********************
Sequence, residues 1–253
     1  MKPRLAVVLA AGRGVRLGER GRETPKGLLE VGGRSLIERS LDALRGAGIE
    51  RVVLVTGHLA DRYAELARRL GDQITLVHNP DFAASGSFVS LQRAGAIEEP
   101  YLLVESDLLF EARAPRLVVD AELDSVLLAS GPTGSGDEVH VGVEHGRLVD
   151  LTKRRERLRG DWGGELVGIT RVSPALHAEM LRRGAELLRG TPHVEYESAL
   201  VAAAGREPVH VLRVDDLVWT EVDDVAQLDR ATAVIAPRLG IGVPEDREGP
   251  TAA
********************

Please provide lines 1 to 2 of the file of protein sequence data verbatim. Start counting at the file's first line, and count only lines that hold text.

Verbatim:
Sequence, residues 1–253
     1  MKPRLAVVLA AGRGVRLGER GRETPKGLLE VGGRSLIERS LDALRGAGIE